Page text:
This is the song that has begun our homeschool mornings this week and last. One story I told was, "Little Dawn Boy and the Rainbow Trail", a Navaho tale. I found it on the Online Waldorf Library, submitted by JoAnne Dennee. Another story was a coyote tale, "The Sky Is Falling". Our watercolor painting followed the theme from that story. We also had a table puppet performance of "The Frog Prince". It is funny that I have been preparing for this for several weeks now and in the meantime have completely misplaced the princess and prince dolls I made for the telling. I did have the frog, the crown and the golden ball. We used an elf doll for the prince (the one in the photo in the previous post) and an antique from my grandmother's doll collection for the princess. Rowan set up the house scene (he loves to decorate) and moved props around while I told the tale.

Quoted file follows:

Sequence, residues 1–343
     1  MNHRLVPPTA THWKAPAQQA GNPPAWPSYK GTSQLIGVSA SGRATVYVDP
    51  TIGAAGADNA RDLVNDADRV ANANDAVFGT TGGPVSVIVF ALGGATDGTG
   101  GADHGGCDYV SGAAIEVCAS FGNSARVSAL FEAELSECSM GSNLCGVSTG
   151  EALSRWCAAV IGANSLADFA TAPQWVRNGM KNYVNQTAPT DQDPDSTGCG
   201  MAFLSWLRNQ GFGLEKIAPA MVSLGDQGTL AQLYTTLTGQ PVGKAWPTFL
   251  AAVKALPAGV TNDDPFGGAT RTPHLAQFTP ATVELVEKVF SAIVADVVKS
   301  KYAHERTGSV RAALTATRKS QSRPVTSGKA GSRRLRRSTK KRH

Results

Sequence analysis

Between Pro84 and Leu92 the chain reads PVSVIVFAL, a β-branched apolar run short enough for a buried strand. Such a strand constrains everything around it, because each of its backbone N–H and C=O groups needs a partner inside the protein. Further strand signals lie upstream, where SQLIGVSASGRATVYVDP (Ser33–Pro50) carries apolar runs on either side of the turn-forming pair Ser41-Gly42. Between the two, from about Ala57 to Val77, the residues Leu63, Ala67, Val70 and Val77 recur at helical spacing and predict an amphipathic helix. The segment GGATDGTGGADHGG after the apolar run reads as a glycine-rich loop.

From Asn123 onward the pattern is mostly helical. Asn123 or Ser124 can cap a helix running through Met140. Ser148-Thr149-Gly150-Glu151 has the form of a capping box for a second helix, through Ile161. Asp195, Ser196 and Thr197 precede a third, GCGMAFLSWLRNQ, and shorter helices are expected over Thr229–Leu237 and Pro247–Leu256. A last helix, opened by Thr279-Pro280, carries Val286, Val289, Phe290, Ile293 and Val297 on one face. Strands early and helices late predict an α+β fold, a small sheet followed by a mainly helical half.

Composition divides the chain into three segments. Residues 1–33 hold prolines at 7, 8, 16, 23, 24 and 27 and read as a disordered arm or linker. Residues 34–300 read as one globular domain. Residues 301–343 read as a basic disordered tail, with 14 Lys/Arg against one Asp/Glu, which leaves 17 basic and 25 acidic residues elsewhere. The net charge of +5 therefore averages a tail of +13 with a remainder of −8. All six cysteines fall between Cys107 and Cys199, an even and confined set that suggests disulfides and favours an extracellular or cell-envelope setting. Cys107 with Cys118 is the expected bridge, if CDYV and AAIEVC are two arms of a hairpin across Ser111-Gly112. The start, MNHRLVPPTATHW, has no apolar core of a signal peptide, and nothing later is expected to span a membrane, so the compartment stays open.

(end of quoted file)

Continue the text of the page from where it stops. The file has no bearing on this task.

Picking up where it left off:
It felt so good to be telling a fairytale again. I have done it a few times over the past several months. As my youngest gets older, I find that our story times have become slightly less magical. Rowan's mind wants to grab onto some of the things I tell in our recent stories and discuss them. I see this as healthy and natural and good, but it brings us out of the dreamy story place and engages our thinking capacities much more. As I told the fairy tale, I could feel the softness enter Rowan and myself. Here is opening and closing verse:
Mother of the fairy tale, Take us by your shining hand, Lead us gently up beyond, To where was it, where was it not? To when was it, when was it not?